While some of you have expressed your dislike of the award for Douchebag of the Week because it’s “divisive,” in the comment sections of other posts, we’re going to keep awarding it anyway. If you think the term douchebag is mean spirited, we’re sure you’re too busy trolling the left-wing blogs pointing out in insanity, hypocrisy and plain wrongheadedness of calling conservatives fascists to really take notice that one site uses the word douchebag to describe someone once a week. As for the sensitivity problems you have with our other chosen tags being divisive, tough. You’re free to suggest alternatives, but they’d better be good because we’re free to reject them. Anyway, on to the winner.
This week’s winner isn’t a single person, it’s an industry, two industries, as a matter of fact. You could call it a tie, but one couldn’t win without the other, so they count only as one this week.
The first Douchebag of the Week for 2008 is the media and pollsters. The only way they could’ve been more wrong on the outcome of New Hampshire is if Kucinich or Duncan Hunter had won.
Polling is an inexact science, if it can be called a science at all. Getting people to talk to you is difficult enough, especially when you rate on the level of phone solicitor in the minds of most Americans, but the age of cell phone has made it even more difficult. Still, they do a semi-accurate job, most of the time. But not this week. Not only did they get the pre-primary polls way wrong, they even got the initial exit polls wrong. In fact, they were so far off that had this been the general election in a state a Republican won, left-wingers would be running around screaming of how the vote was rigged by Diebold. Since it’s a primary, and everyone knows Democrats would never commit voter fraud (except those who’ve looked into it), the media simply said, “oops, we got it wrong,” then inundated us with discussions of how the numbers worked out.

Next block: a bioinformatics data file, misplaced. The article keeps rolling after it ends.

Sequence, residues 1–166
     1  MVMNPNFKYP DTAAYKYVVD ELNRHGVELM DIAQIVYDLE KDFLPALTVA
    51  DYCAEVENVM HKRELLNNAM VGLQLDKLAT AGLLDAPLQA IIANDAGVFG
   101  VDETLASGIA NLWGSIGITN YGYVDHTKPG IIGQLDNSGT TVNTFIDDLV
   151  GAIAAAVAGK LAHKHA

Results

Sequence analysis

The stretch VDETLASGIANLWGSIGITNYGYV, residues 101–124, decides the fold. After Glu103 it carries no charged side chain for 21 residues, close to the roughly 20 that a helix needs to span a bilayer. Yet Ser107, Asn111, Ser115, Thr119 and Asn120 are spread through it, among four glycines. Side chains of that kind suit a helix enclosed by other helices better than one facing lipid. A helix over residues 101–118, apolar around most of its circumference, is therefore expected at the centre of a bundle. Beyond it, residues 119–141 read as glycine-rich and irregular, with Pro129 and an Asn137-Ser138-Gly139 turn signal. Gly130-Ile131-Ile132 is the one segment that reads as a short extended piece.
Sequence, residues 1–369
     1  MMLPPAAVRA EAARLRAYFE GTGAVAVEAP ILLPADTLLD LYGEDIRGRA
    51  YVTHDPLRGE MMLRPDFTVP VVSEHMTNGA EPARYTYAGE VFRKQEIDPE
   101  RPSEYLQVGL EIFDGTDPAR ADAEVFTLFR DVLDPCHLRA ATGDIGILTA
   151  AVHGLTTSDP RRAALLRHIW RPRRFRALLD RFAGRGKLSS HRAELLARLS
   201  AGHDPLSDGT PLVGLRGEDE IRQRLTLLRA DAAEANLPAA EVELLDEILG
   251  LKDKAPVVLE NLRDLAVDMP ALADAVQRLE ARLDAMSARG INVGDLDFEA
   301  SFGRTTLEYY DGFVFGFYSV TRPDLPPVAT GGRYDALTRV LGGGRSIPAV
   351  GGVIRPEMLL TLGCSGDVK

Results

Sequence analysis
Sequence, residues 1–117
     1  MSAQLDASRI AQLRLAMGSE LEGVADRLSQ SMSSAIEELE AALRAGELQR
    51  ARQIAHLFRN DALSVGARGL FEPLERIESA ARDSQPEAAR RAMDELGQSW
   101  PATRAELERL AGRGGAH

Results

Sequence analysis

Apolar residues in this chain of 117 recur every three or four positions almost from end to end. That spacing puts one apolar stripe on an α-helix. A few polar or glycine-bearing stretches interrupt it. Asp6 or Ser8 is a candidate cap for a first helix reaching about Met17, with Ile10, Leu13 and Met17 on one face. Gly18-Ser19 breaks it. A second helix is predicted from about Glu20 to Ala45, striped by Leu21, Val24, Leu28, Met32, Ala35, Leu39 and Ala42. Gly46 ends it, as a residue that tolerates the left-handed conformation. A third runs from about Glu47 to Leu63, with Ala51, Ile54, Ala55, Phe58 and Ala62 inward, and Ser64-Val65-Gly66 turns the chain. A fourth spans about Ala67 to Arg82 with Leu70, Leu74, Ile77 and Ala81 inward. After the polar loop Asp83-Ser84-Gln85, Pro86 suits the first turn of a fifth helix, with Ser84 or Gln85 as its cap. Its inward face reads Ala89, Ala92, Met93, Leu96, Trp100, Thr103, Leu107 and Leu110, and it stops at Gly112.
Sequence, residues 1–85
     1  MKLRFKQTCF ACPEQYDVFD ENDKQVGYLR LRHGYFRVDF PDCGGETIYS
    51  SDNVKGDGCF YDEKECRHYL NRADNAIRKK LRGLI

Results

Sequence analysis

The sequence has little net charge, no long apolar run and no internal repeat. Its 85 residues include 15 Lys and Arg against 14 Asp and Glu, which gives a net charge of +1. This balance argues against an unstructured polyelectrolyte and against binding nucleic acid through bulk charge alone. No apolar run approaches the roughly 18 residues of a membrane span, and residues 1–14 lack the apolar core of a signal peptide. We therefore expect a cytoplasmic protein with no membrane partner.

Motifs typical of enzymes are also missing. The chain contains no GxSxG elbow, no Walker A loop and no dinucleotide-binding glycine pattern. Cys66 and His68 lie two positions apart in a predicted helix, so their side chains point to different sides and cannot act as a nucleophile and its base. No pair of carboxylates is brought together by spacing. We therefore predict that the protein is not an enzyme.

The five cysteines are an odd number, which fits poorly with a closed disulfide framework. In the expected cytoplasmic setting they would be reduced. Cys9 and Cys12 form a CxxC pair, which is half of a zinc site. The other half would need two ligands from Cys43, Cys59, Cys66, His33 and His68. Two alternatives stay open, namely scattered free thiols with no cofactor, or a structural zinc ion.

That brings us to the media, where polls are news only because the media hires the pollsters to make the news. Does anyone really think a random sampling of Americans have an opinion on the “sub-prime ‘crisis'” that is anywhere close to educated? Such a small fraction of Americans have sub-prime loans, so the vast majority of don’t know what they are, let alone understand them. But you poll people with the word crisis and tell them people could lose their homes (not that they bought home they couldn’t afford in the first place), and people think “Oh God, we must do something, then they call their bank to find out if they’re one of those people. But the media will report those “poll results” as though they’re gospel carved in stone from the mountain top. Hell, the reporters probably don’t understand the issue, but they understand 70 percent are concerned and think something must be done. That sells.
So the media creates news by asking pollsters to find out what people who don’t understand complex issues what they think in the most simplistic terms. That’s how news is born. Those numbers drive front pages and nightly newscasts across the country, because the art of real reporting has died.
That leads us back to New Hampshire. The media and pollsters don’t win simply because they got it wrong in the New Hampshire primary, they win because their getting it so wrong in the New Hampshire primary exposes the fraud that is polling, yet both will continue to do what they do in the way they’ve been doing it.
For continuing to manufacture news based upon surveys of uninformed people (people the media is supposed to help inform), which creates an endless cycle of misinformation and miseducation and for having no interest in stopping this cycle, the media and pollsters win Douchebag of the Week.